Low Tuition Fees No Panacea for Low-income Families: Low tuition fees does not necessarily promote higher university participation for youth from low-income families

Ben Eisen, Commentary, Education, Uncategorized

Student organizations and other like-minded groups frequently argue that low tuition levels are necessary to promote high rates of university participation and to ensure access for young adults from low-income families. However, evidence from across Canada shows there is no correlation between rock-bottom tuition fees and high university participation rates for economically disadvantaged youths.  

Tuition levels vary considerably across Canada. In Manitoba, Newfoundland and Quebec, university tuitions are very low. The average tuition for undergraduates in these provinces was less than $3, 600 in 2010. In other provinces, including New Brunswick, Nova Scotia and Ontario average tuition fees are much higher, ranging from $5, 500 to $6, 300. This variation allows us to empirically examine claims that cut-rate tuition boosts participation for young adults from low-income families.

The evidence shows that university participation rates for economically disadvantaged youth are no higher in provinces where tuition is cheap than in provinces where it is more expensive. For example, Ontario and Nova Scotia have the highest and third highest average university tuition levels in Canada. However, the most recent data from Statistics Canada shows these provinces have the highest university participation rates in Canada for high school graduates from low-income families. In 2007, Nova Scotia’s university participation rate for high school graduates from families in the bottom quarter of the family-income distribution was the highest in the country at 42.7 percent; Ontario’s was 42.5 percent, well above the national average. By comparison, the university participation rates for high school graduates from families in the bottom quarter of the income distribution in low-tuition Manitoba and Newfoundland were 36.7 and 30.1 percent.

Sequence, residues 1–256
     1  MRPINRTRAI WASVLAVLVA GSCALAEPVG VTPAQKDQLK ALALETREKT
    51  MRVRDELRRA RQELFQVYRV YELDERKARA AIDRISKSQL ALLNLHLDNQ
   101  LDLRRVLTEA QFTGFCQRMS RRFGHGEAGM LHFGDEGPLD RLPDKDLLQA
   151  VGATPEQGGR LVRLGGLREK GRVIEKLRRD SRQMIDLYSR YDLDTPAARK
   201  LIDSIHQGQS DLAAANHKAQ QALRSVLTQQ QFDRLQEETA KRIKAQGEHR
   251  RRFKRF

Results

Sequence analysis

When all the provinces are examined, we see that low-tuition provinces do not generally have higher university participation rates for economically disadvantaged youths. Nor is there greater equality in participation rates across the income distribution in low-tuition provinces. In all provinces, young adults from high-income families participate in university at higher rates than those from low-income families. However, that gap is smaller in several high-tuition provinces including Ontario, Alberta, British Columbia and Saskatchewan than it is in Quebec, Manitoba and Newfoundland where tuition is much cheaper.

This evidence does not demonstrate that tuition fees in high tuition provinces could be dramatically increased further without having a negative impact on low-income participation. Very high tuition fees would, at some point, restrict access for low-income families. These facts do, however, suggest that whether a province chooses to set tuition fees at the rock-bottom levels of Manitoba and Newfoundland or the somewhat higher levels of Saskatchewan and Ontario has little effect on low-income participation rates. If there is any effect at all, it is swamped by other, more important factors. Tuition is heavily subsidized all across Canada, which means the price of a university education is a bargain in high- and low-tuition provinces alike.  It is therefore unsurprising that the tuition gap between Canadian jurisdictions does not seem to be a decisive factor in shaping university participation decisions.

There is a broad social consensus in Canada that financial obstacles should not prevent young adults from low-income families from pursuing a university education. The question is whether maintaining rock-bottom tuition levels, at considerable cost to taxpayers, is an effective strategy for achieving this objective. The evidence from across Canada suggests it is not.